Difference Between Similar Terms and Objects

Difference Between Approve and Authorize

Difference Between Approve and Authorize

Approve vs. Authorize

‘Approve’ and ‘authorize’ are both English verbs that pertain to a demonstration of affirmation towards an act or object. They are, however, two distinct verbs used in different contexts.

By definition, to approve means to confirm, ratify, or sanction officially, or to commend or regard as good. It is an expression of acceptance towards a favorable or pleasing thing or action. On the other hand, ‘authorize’, also spelled ‘authorise’ in British English, means to grant clearance for, to delegate power to, or to pass. Other than being an affirmative expression, it is also a proactive extension of authority to another person or action for the purpose of pursuing favorable endeavors. In essence, ‘authorize’ has an addition layer to it – it approves and at the same time empowers to pursue what has been approved. It sounds more commanding than to approve.

When one says: ‘I authorize you to air the show on TV’, it means that first, they approve of the show’s suitability for TV, and second, they have the power to allow the airing and choose to extend it to the owners of the show. In this case, the statement would have probably come from an executive head, a TV network owner, or anyone with great influence in the TV industry.

On the other hand, if one says: ‘I approve of the airing of the show on TV’, it means that they finds it acceptable to air the show on TV. The person does not necessarily have to have authoritative rights to be able to say this; anyone – from a lowly TV fan to a cable top dog – can say and mean the statement.

In another example that says, ‘Most people approve the anti-theft policy’, what is means is that the people regard the policy favorably, but doesn’t necessarily mean that theirs was the same consent that brought it to being. Conversely, if the sentence says: ‘The people authorized the anti-theft policy’, it is then assumed that the people indeed have a say in policies to be employed and choose to put said policy into practice.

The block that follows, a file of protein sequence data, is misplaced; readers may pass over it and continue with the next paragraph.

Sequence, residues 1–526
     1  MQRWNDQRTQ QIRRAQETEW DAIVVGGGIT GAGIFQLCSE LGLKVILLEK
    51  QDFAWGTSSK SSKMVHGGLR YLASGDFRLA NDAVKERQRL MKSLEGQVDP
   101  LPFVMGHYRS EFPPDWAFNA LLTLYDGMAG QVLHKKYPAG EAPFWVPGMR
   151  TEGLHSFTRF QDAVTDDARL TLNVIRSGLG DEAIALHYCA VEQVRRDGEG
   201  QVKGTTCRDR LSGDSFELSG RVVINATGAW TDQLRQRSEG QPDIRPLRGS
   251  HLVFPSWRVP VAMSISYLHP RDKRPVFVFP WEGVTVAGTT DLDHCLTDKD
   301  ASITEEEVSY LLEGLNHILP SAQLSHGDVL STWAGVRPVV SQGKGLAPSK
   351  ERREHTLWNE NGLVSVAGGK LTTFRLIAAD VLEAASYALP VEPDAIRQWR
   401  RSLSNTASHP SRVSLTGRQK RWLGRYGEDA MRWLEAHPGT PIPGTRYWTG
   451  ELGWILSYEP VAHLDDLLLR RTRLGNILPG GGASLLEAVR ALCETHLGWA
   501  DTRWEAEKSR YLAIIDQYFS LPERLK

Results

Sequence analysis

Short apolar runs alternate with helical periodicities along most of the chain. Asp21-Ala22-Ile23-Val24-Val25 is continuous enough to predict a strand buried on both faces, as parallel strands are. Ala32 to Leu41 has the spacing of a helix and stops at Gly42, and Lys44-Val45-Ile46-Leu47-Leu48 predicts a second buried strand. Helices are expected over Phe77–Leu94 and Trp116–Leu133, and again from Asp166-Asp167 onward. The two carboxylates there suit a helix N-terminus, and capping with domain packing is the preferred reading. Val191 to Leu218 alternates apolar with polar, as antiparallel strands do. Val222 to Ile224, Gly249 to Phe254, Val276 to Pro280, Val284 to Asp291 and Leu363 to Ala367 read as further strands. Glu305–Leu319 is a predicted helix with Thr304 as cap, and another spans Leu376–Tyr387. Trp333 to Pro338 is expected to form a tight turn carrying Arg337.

Difference Between Approve and Authorize-1

On another note, ‘approve’ is more appropriate in addressing something from a detached point of view. For example, when one says ‘I approve your marriage’ or ‘She approves the new health bill’, there is a virtual distance between the one approving and what is being approved; the approver sees and thinks of it from an outsider’s viewpoint. Additionally, the approver has no real direct involvement to the subject. With ‘authorize’, there should be a close involvement between the authorizer and the one being authorized. The former practically extends his power to the latter, so that through such extended power, the authorizer will be able to reinforce what he approves of. For instance, in the statement ‘I authorize the prohibition of cigarette smoking in public vehicles’, the speaker empowers the act of prohibiting cigarette smoking and, in effect, implements it in the area; this person may be the city mayor or anyone who has a dominant say in the execution of major projects. In ‘I authorize you to sell all my properties’, even though the speaker passes on their consent to another person, it is still their authority that will be responsible in the act of selling all their properties.


  1. ‘Authorize’ and ‘approve’ are both verbs that pertain to an affirmative reaction toward an object or action.
  2. To approve means to confirm or to commend, while to authorize means to empower.
  3. ‘Approve’ is a mere expression of acceptance toward a favorable object. ‘Authorize’ is an approval and, at the same time, a proactive extension of power for the purpose of pursuing what is being approved.
  4. Approval is an affirmation from a detached viewpoint, while authorization has a more apparent and direct involvement.

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